Ray Gonzalez published a chapbook of poetry, The Mud Angels, with Longhouse Publishers in Vermont. He served as a final judge for the 2011 Whiting Young Writers Awards in New York. His poems and essays have recently appeared in the following anthologies: American Tensions: Literature of Identity and the Search for Social Justice (New Village Press), Aspects of Robinson: Homage to Weldon Kees (The Backwaters Press), Blink Again: Sudden Fiction from the Upper Midwest (Spout Press), Colors of Nature: Culture, Identity, and the Natural World (Milkweed Editions), New Border Writing (Texas A&M University Press) and Robert Bly: In This World (University of Minnesota Press). Poems and essays have recently appeared in Lapham's Quarterly, the Bitter Oleander, the Laurel Review, and other journals.

Edward Griffin (Emeritus) gave the keynote talk at a day-long Continuing Education symposium on Mark Twain's autobiography, published in November 2010. He also presented at the opening event of an OLLI "Bookends" program regarding the University Opera's mounting of the 2007 opera based on Sinclair Lewis's Elmer Gantry. Last spring, he led a six-week course for OLLI called "Reading Emily Dickinson."

Patricia Hampl was awarded a sabbatical with supplement for 2011-12. She will be Visiting Writer at the Vermont School of the Arts (January 2012). She is teaching at Breadloaf in August 2012. Her poem, "The White," was on Writer's Almanac Nov 12, 2011. She's guest-editing an all-essay issue of Ploughshares magazine for fall 2012.

Michael Hancher co-chairs with Laura Gurak the Institute for Advanced Study's Digital Humanities 2.0 collaborative, envisioning the next generation of digital humanities tools, techniques, and approaches. Join the listserv: http://z.umn.edu/dh20. He published "Learning from Librivox" in Audiobooks, Literature, and Sound Studies, edited by Matthew Rubery (Routledge, 2011).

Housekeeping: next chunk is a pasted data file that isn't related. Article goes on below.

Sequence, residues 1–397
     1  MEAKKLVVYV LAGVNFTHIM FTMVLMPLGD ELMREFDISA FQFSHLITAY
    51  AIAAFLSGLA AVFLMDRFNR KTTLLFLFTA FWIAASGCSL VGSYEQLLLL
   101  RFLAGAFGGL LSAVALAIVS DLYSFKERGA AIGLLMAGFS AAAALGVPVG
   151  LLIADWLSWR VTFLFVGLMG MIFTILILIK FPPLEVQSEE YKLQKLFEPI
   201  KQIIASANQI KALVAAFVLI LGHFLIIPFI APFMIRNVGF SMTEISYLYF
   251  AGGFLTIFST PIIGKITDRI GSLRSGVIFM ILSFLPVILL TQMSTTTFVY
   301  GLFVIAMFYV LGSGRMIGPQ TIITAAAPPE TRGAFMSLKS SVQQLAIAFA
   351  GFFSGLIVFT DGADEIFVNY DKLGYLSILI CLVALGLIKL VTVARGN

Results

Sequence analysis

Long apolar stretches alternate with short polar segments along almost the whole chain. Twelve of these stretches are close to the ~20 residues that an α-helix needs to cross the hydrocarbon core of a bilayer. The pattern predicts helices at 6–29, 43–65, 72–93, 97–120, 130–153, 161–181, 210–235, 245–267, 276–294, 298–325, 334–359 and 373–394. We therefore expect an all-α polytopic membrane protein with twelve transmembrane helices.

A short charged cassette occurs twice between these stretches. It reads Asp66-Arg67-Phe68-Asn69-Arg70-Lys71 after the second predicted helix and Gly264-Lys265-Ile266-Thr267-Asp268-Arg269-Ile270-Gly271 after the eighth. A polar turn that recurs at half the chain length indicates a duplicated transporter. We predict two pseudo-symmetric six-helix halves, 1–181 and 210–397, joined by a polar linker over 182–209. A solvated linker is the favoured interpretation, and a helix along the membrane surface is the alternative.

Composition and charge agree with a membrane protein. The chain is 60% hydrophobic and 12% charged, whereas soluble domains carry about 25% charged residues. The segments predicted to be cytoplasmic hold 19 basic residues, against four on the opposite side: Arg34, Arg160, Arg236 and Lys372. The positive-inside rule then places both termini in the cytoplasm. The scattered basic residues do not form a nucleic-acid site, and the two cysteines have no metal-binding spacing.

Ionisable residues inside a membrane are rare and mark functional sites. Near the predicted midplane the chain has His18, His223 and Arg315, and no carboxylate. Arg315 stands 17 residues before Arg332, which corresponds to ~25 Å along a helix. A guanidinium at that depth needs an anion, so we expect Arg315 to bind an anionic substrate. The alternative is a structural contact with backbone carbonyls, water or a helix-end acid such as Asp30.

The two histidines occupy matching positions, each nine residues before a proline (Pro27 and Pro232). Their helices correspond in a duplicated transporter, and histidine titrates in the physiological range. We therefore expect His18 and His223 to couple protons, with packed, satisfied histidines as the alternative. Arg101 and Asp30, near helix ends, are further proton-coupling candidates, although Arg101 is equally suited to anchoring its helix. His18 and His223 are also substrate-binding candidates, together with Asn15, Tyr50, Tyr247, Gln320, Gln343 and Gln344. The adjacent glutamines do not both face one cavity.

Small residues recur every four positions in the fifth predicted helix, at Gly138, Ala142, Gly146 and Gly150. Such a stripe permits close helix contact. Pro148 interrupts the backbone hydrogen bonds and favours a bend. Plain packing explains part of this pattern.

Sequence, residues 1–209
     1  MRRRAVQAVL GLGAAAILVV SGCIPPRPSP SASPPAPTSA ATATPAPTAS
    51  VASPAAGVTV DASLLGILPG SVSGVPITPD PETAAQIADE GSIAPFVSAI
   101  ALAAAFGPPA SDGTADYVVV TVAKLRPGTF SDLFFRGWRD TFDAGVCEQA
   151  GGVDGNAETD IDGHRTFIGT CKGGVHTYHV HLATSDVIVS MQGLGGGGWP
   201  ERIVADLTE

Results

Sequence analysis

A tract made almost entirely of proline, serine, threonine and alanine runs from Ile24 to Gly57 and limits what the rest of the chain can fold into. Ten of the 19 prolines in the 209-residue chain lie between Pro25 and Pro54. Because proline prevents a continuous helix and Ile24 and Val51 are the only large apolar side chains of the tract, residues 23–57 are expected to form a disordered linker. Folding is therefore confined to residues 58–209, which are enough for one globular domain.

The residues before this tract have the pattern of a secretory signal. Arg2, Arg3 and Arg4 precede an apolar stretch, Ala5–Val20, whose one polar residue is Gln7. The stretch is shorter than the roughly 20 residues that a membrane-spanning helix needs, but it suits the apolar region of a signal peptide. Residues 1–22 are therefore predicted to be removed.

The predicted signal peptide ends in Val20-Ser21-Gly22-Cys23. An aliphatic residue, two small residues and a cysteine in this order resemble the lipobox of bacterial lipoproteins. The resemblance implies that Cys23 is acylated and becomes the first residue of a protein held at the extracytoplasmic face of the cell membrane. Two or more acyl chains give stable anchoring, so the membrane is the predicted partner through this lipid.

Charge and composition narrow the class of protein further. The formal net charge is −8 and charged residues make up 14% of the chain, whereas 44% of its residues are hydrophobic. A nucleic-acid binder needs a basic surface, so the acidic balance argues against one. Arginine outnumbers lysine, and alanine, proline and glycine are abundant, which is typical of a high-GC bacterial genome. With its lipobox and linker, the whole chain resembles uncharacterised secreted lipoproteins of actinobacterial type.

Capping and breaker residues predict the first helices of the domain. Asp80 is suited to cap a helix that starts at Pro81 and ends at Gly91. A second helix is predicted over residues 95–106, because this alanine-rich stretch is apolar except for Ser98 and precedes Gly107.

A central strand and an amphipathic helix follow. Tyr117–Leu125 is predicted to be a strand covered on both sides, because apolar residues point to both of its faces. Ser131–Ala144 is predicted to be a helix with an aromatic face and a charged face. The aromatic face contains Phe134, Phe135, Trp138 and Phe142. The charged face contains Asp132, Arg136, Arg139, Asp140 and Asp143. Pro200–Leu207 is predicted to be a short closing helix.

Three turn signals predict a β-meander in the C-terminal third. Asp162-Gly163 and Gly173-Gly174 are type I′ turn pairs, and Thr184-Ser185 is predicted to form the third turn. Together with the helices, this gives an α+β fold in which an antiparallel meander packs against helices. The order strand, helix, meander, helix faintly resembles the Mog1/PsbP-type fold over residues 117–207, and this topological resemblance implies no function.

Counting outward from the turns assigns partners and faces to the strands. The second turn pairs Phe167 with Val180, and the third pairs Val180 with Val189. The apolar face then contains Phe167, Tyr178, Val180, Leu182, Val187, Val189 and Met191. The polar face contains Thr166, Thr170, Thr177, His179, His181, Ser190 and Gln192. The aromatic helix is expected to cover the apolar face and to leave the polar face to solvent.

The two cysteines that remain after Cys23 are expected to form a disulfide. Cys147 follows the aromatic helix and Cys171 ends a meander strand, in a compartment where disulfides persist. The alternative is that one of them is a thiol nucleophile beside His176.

Josephine Lee finishes up her tenure as the President of the Association of Asian American Studies next spring. Her book, The Japan of Pure Invention, was a runner up for the 2010 Barnard Hewitt Award for Outstanding Research in Theatre History.

Nabil Matar won a CLA Scholar of the College award for 2011-2014. He published Britian and the Islamic World, 1558-1713 with co-author Gerald MacLean (Oxford University Press, 2011). He was the principle investigator of "Shared Cultural Spaces: Islam and the West in the Arts and Sciences," NEH Conference, University of Minnesota, February 24-26. His invited presentations include: "New Scholarship on Science, Ideas and Philosophy" and "Beyond Golden Age and Decline," George Mason U, NEH Conference, March 14; "Henry Stubbe and the First Use of Christian Arabic Sources About Muhammad," University of Chicago, April 12; "'Ridda' and Empire: Muslim Conversion to Christianity in the Early Modern Period" and "Conversion Narratives in the Early Modern World," University of York, June 10; "In Their Own Words: Eastern Christians of the Ottoman Empire" and "The Dialectics of Orientalism in Early Modern Europe" (keynote), University of Illinois at Urbana-Champaign, October 8; "The Arab World at the Eve of the Napoleonic Invasion" (De Lamar Jensen Lecture), October 20; "Mediterranean Piracy in the Early Modern Period: Through North African Eyes," University of Michigan, November 18. He also presented "Christian Arabic Views of the Ottomans in the Sixteenth and Seventeenth Centuries" at RSA, Montreal, March 24-26. His article, "Elizabeth through Moroccan Eyes," was reprinted in The Foreign Relations of Elizabeth I, edited by Charles Beem (2011). His essay, "Protestant Restorationism and the Ortelian Mapping of Palestine (with an afterword on Islam)," was included in The Calling of the Nations, edited by Mark Vessey et al. (University of Toronto Press, 2011). He participated in the BBC program, "How God made the English," London, July 6. He served as Co-Executive Editor of The Journal of Early Modern History.